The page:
Australasian Science: Australia's authority on science since 1938

Adventures on the Dark Side

By Michael Cook

Cases of sexual attraction are bound to grow as “genetic orphans” seek out their missing parents.

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The British press is a fathomless mine of lurid but thought-provoking explorations of the dark side of the human condition. Recently it featured a passionate romance between a 51-year-old British woman and her 32-year-old American son.

Kim West was studying in California when she had a child out of wedlock. She gave him up for adoption and returned to England. Nearly 30 years later they were reunited and immediately felt an overwhelming sexual attraction. Ben ended up abandoning his missus and moving in with his mum. They are considering having children.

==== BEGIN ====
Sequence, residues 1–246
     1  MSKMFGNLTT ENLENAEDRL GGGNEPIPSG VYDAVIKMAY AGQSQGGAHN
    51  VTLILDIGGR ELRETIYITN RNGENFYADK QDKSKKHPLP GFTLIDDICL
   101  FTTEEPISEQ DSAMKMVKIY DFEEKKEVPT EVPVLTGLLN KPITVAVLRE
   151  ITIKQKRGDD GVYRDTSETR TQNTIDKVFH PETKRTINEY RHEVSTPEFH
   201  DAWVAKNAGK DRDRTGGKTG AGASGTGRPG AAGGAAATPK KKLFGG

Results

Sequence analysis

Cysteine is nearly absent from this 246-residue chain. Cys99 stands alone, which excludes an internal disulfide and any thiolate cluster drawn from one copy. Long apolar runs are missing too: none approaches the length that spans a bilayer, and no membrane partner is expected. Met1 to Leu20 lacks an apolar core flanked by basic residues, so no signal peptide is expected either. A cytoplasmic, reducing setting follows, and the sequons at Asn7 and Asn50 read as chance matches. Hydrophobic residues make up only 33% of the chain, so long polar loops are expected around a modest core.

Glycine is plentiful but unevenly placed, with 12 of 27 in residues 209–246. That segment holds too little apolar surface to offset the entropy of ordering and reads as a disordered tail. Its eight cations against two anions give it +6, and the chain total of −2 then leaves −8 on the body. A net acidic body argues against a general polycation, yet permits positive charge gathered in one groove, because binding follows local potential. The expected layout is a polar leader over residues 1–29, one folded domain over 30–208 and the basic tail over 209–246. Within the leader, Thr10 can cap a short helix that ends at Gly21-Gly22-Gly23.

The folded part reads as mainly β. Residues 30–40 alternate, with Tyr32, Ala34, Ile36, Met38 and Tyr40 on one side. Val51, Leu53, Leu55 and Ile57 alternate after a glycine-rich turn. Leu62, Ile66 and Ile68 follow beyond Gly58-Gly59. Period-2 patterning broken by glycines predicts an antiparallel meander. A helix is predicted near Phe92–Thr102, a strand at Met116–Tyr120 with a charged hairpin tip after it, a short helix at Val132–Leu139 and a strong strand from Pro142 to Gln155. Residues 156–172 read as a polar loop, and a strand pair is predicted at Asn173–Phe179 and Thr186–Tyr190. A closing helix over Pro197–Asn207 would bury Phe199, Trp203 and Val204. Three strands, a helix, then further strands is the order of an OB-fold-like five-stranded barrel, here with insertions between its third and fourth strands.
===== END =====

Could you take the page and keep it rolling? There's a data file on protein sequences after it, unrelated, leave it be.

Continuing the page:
Most people find this real-life scenario confronting, but it raises interesting questions about bioethical reasoning.

Post-adoption romance is a poorly-understood but well-documented phenomenon. In the 1980s an American adoption counsellor, Barbara Gonyo, coined the term “genetic sexual attraction” for these powerful feelings. Two British psychologists interviewed several people in the grip of genetic sexual attraction who all described “a romantic ‘falling in love’, intense and explosive, sudden and almost irresistible”.

The psychologists estimated that such feelings are present about 50% of the time when siblings and parents are reunited. Their article was published 20 years ago in the British Journal of Medical Psychology (later renamed Psychology and Psychotherapy), so it’s possible that...

The full text of this article can be purchased from Informit.